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Apple® Watch Sport Bonus Sport Band, Milanese Loop Band & Tech Support
Apple® Watch Sport Bonus Sport Band, Milanese Loop Band & Tech SupportApple® Watch Sport Bonus Sport Band, Milanese Loop Band & Tech SupportApple® Watch Sport Bonus Sport Band, Milanese Loop Band & Tech SupportApple® Watch Sport Bonus Sport Band, Milanese Loop Band & Tech SupportApple® Watch Sport Bonus Sport Band, Milanese Loop Band & Tech SupportApple® Watch Sport Bonus Sport Band, Milanese Loop Band & Tech SupportApple® Watch Sport Bonus Sport Band, Milanese Loop Band & Tech SupportApple® Watch Sport Bonus Sport Band, Milanese Loop Band & Tech Support

$ 460.00 $ 380.00

The Essentials

  • Interact with the virtual world of your iPhone right on your wrist through the brilliant touchscreen Retina display and intuitive Digital Crown on the Apple Watch
  • Easily navigate the simple and intuitive Apple WatchOS to find your favorite compatible apps, see your call, text and calendar notifications, control music, initiate some modern communication and generally dominate your digital domain
  • Familiar Apple apps get the streamlined treatment so they’re compatible with the “at-a-glance” theme of the Apple Watch – get just the information you want when you want it at a single swipe or less
  • Receive real-time notifications for incoming mail, messages and calls and instead of a ridiculous sound and light show to let you know, it’s just a discreet tap on the wrist and maybe a chime, maybe, if you want it
  • Talk to Siri to get your questions answered and stay up-to-date on events by simply raising your wrist and saying “Hey Siri” or by pressing and holding the Digital Crown
  • Monitor your activity, step count and heart rate with Apple Watch and analyze the data on your iPhone – true, you might not want to know, but you need to know
  • Press the dedicated button on the side of the case to access your inner circle of friends then tap the screen to send a message, make a call or communicate in several fun new ways

Product Description

Apple® Watch Sport w/ Bonus Sport Band, Milanese Loop Band & Tech Support

Your digital world right on your wrist! Everybody knows Apple builds intuitive technology to complement a modern life. With Apple Watch, they’ve taken the next step and pretty much nailed it. When paired with your iPhone, you’ll get call and text notifications, talk to Siri, use Apple Pay, track your activity, use popular apps and more all at the touch of a finger. Oh, and the time, you’ll see the time, too.

Although this is stating the obvious, the thing looks cool. Not surprising since it’s Apple, but still worth noting. It’s also right on the sharpest part of the cutting-edge of technology. Honestly, there’s so much depth to the functionality that we’re just going to hit a few high points here and let the Apple Watch do the rest of the talking once it’s in your hands. Be sure to check out the TV presentation or the video link to see it in action. You won’t want to miss it!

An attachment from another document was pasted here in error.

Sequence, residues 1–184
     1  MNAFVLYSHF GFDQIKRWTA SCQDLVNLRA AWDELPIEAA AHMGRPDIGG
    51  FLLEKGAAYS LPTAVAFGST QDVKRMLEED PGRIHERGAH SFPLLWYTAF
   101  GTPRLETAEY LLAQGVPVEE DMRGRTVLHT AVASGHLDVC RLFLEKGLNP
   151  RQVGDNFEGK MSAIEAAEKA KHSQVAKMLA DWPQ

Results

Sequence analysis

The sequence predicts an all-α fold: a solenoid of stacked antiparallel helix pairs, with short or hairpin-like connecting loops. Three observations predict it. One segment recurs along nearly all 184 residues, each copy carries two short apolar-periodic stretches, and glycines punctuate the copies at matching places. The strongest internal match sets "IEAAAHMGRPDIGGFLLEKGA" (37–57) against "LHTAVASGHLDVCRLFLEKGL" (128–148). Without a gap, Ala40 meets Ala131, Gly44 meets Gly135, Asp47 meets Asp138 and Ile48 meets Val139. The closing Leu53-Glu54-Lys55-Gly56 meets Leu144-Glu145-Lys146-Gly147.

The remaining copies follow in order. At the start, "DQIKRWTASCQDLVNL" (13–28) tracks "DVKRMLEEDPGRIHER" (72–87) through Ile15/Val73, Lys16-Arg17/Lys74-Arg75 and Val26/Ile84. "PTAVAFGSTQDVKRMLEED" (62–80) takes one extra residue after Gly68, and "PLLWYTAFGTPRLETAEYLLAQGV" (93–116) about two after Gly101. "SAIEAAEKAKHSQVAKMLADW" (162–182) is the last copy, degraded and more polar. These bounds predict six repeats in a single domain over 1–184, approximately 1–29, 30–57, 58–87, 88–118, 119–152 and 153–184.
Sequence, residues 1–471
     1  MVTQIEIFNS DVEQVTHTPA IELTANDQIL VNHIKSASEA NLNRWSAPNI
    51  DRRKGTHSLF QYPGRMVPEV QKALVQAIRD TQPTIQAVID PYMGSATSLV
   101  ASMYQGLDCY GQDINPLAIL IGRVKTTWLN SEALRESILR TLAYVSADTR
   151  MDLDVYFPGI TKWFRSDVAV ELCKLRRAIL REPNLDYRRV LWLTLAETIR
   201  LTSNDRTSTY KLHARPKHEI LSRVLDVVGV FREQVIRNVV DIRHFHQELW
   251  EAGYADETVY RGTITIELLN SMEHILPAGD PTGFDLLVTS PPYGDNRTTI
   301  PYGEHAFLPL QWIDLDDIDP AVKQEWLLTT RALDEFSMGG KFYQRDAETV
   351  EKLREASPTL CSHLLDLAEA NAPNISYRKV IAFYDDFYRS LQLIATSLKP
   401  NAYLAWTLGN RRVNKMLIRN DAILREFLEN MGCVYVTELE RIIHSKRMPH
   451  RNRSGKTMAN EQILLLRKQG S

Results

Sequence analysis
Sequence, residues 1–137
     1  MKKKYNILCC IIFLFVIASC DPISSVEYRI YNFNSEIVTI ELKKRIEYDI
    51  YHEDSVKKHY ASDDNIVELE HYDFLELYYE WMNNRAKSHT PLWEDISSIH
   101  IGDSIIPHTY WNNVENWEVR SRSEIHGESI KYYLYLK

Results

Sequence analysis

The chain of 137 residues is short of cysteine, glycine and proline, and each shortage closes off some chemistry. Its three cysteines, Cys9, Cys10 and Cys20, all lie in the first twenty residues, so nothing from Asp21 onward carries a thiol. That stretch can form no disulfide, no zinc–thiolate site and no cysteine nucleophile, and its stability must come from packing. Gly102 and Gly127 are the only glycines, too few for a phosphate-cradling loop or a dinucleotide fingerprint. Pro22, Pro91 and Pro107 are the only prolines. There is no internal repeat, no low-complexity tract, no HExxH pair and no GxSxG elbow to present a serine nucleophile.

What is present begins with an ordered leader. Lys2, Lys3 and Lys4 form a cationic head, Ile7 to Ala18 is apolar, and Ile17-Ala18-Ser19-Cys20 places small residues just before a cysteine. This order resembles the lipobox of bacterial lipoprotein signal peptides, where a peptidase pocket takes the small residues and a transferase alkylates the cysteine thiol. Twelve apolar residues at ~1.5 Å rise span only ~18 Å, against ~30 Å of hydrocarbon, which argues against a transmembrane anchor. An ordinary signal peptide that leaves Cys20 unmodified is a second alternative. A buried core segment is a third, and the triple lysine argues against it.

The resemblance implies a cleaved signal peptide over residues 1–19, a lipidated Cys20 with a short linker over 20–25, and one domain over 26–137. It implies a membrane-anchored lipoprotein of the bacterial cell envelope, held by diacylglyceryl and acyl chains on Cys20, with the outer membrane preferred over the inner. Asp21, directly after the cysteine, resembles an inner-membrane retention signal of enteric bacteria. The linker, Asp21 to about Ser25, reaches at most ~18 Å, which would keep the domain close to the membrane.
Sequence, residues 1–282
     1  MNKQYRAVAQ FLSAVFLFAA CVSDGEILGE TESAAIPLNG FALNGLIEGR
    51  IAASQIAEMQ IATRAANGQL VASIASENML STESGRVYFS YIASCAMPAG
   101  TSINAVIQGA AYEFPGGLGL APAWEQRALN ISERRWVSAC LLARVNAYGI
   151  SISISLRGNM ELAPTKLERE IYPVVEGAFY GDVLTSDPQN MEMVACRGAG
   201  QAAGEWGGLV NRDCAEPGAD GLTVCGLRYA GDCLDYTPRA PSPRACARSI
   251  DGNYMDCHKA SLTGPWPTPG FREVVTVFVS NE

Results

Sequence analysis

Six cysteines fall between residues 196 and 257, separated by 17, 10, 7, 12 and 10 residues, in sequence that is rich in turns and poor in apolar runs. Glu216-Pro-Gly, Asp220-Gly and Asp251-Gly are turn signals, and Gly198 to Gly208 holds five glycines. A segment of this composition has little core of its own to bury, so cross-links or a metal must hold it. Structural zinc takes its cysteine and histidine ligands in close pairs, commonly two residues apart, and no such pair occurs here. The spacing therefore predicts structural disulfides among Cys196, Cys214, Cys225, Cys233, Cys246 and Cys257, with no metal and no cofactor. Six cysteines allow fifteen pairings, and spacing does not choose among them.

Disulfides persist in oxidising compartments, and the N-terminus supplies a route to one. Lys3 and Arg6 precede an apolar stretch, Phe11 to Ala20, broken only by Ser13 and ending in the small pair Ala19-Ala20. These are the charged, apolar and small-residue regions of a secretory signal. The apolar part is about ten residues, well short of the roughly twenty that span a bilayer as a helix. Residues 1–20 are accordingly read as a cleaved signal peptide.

Choices

  • Choose a 38mm or 42mm Apple Watch
  • Then pick a Blue, Green or Pink Apple sport band
  • Finally select a White or Black bonus Non-Apple sport band
  • No matter which option you choose, you still get the metal mesh Milanese loop Non-Apple watch band, the screen protector and the five year ExpressTech software tech support certificate!

See & Touch
Not your average touchscreen, the Retina display on the Apple Watch features Force Touch which is the next great advancement in touch technology and allows WatchOS to distinguish between a tap and a press. You’ll access different menus and issue different commands simply by changing the way you touch the screen. When matched up with the innovative Digital Crown, navigation and selection has never been easier on a watch.

Hear & Feel
Notifications don’t have to be like a marching band playing in your face or fireworks exploding on your wrist. In fact, discreet just makes more sense. Not everything is an emergency. With that in mind, Apple added technology that gives you a simple tap on the wrist to notify you of calls, texts, calendar events and lots of other things. You can add an audio component too if that’s your thing. No judgment.

Apple Watch Warranty: One-year limited warranty provided by Apple.

Watch Glossary:

Analog-Digital Display (ana-digi): Watch that shows the time by means of hour and minute hands (analog display) as well as by numbers (digital display).

Arabic Numerals: Popular counterpart to Roman numerals consisting of 1,2,3, etc; Became popular during the 18th century and typically allow for more space on the dial for complications.

ATM: Commonly used measurement in water resistance; Stands for “atmospheres” or the amount of pressure a watch can withstand before leaking; One atmosphere is equal to 10 meters of water pressure.

Automatic Movement: Type of movement where the mainspring is wound via the movement of one’s own arm; Movement of the arm causes the rotor to rotate, which in turn winds the mainspring; Similar to mechanical movements, except winding is not manual.

Bezel: Retaining ring surrounding the case and securing the crystal; Sometimes incorporates unidirectional or ratcheting movements, as well as additional benefits such as chapter markers.

Case: Timepiece’s container; Protects the movement from dust, dampness and injury; Common case shapes are round, tonneau, rectangular and square.

Chronograph: Timepiece capable of both timekeeping and stopwatch functions; Chronographs are a unique and valued complication due to their ability to measure increments of time.